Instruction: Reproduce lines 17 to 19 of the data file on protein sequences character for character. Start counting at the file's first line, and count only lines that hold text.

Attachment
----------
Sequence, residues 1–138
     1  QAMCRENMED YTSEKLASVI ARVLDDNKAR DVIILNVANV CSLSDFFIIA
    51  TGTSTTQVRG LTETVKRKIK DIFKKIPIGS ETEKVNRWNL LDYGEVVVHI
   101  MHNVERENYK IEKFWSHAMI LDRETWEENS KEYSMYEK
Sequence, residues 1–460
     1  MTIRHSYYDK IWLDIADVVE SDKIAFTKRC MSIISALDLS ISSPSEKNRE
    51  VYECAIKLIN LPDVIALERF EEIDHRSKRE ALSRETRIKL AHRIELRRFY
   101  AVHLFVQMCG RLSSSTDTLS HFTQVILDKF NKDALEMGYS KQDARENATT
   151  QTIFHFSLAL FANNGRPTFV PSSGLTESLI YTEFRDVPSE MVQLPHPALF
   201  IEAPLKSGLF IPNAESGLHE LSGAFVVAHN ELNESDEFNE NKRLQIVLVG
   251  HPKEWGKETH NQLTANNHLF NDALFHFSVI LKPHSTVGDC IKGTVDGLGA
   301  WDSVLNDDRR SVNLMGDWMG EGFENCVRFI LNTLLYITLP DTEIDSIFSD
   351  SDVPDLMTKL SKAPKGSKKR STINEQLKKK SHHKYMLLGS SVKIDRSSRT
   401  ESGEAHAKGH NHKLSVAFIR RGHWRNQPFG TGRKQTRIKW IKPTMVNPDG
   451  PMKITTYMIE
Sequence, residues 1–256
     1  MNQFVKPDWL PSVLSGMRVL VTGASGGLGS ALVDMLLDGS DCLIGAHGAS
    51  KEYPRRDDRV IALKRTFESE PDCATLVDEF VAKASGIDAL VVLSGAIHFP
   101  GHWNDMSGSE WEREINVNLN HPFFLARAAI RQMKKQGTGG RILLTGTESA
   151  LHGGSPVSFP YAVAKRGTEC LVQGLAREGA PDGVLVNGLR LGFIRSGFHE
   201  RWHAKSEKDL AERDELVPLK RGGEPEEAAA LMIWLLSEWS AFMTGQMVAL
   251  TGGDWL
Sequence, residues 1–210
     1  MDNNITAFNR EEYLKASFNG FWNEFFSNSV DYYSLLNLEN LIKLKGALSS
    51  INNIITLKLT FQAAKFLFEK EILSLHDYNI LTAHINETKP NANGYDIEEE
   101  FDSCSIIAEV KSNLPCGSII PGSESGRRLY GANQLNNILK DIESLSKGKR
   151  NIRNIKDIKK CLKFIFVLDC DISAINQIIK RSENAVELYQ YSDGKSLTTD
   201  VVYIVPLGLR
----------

     1  MNQFVKPDWL PSVLSGMRVL VTGASGGLGS ALVDMLLDGS DCLIGAHGAS
    51  KEYPRRDDRV IALKRTFESE PDCATLVDEF VAKASGIDAL VVLSGAIHFP
   101  GHWNDMSGSE WEREINVNLN HPFFLARAAI RQMKKQGTGG RILLTGTESA